Late Wednesday night in the central German city Hanau, a gunman that police have identified as 43-year-old Tobias Rathjen opened fire at two shisha bars. They're the kind of places favored by people who enjoy a laid-back atmosphere as they puff tobacco bubbling through water-filled hookahs, and on any given evening, many of those folks may be from Turkish, Kurdish, or North African backgrounds. They're quiet places for conversation and minding your own business.
A Virginia man piloted at least one plane without a license in 2018, in a dangerous journey that ended with a "bounced" landing, federal authorities said. Ryan Guy Parker "knowingly and willfully" flew above suburban Washington D.C., posing a "significant risk of injury and death" to himself and the public, according to an affidavit by U.S. Department of Transportation Special Agent Bret Stolle. In a Sept. 27, 2018 trip out of Shannon Airport in Fredericksburg, Parker nearly crashed on touch down, Stolle wrote.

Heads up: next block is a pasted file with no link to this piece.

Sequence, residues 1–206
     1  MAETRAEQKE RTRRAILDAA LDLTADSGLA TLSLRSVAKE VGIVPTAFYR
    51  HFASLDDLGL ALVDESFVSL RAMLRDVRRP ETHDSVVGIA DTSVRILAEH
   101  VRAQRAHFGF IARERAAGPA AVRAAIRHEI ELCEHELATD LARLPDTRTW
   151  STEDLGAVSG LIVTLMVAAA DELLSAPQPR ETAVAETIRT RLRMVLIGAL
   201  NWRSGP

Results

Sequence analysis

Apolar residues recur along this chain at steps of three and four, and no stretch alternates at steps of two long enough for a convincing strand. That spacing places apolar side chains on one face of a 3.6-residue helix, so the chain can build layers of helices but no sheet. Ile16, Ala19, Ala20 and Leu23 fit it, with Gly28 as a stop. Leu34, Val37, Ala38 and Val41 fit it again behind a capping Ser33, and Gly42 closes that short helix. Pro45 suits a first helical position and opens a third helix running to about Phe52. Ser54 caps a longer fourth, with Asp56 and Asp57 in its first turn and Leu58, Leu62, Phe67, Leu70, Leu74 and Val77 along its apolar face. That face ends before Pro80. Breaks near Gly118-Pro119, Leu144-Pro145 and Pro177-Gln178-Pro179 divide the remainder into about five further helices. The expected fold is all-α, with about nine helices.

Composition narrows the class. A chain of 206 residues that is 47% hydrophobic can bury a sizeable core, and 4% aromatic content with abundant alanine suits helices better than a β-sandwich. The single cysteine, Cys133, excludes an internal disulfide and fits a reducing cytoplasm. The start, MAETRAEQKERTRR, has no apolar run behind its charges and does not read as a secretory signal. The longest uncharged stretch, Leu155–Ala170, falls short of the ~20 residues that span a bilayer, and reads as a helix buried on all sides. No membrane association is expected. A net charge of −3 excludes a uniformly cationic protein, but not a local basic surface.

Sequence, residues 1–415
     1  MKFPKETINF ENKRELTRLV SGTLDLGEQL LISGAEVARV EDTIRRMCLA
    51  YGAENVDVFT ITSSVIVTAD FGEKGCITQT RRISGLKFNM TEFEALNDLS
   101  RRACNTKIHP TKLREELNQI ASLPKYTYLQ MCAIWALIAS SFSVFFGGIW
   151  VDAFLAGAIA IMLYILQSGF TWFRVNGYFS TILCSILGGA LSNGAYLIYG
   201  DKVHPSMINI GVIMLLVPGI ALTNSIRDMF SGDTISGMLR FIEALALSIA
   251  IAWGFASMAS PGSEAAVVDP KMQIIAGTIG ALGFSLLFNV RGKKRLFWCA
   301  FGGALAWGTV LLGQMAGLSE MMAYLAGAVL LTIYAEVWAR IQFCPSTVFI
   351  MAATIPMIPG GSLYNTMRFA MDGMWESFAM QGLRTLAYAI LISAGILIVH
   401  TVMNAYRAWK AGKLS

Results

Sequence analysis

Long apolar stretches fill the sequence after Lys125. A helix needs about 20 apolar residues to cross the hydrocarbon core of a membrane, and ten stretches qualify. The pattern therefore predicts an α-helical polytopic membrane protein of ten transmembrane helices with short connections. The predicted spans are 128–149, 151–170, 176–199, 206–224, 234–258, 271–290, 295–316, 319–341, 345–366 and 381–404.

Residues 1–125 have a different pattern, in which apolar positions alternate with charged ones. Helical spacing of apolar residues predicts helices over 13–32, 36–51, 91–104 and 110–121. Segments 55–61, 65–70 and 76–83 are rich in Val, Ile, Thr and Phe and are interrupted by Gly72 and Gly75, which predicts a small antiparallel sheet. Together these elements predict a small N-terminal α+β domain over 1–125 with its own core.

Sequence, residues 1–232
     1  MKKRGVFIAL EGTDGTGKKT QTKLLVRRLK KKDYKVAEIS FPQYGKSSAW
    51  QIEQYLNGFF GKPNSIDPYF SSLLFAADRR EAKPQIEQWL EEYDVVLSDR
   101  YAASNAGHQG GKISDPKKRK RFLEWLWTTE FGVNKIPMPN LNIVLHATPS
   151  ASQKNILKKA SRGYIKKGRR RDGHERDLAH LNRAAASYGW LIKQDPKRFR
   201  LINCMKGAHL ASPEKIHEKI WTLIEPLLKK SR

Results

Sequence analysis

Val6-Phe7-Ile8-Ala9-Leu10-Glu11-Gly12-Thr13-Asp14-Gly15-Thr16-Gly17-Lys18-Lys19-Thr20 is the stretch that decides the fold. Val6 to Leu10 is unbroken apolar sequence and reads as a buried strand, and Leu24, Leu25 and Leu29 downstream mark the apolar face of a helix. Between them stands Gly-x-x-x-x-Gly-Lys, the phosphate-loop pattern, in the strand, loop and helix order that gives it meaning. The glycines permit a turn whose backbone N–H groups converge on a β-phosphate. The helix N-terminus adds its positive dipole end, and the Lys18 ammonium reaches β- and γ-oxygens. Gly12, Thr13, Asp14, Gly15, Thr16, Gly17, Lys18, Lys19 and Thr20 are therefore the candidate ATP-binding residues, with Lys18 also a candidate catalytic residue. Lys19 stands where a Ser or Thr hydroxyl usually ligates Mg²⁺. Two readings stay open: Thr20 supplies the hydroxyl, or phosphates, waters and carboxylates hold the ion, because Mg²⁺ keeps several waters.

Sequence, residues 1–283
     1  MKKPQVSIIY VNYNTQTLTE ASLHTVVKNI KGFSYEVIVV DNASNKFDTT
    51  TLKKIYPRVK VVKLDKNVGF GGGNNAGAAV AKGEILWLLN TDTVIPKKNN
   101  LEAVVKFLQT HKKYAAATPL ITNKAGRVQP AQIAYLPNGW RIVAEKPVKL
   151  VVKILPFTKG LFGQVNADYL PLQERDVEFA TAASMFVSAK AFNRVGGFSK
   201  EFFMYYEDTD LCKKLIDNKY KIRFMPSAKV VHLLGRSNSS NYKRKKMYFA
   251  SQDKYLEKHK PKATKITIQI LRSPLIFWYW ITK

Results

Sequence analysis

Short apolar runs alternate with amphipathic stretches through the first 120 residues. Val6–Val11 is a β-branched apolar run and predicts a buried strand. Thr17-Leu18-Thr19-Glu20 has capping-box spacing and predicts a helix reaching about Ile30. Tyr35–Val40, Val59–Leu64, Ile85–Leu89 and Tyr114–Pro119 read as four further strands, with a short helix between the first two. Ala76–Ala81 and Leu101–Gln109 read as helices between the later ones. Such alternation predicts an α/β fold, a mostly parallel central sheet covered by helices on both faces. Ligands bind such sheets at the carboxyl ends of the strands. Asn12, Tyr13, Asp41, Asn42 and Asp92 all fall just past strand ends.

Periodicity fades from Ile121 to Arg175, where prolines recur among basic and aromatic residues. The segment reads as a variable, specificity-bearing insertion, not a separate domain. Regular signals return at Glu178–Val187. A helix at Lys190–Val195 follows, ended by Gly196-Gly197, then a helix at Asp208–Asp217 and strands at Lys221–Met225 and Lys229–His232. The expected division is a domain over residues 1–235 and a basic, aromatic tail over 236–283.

A leader of one of the most notorious terrorist groups in the world just got a megaphone from The New York Times. On Thursday, the Times published an op-ed from Taliban deputy leader Sirajuddin Haqqani ominously titled "What we, the Taliban, want." It comes as the Taliban continues to work out a peace deal with the U.S., and in it, Haqqani insists "everyone is tired of war" on their side too. Haqqani paints a thoroughly positive picture of his terrorist organization, and apparently the Times just decided to roll with it.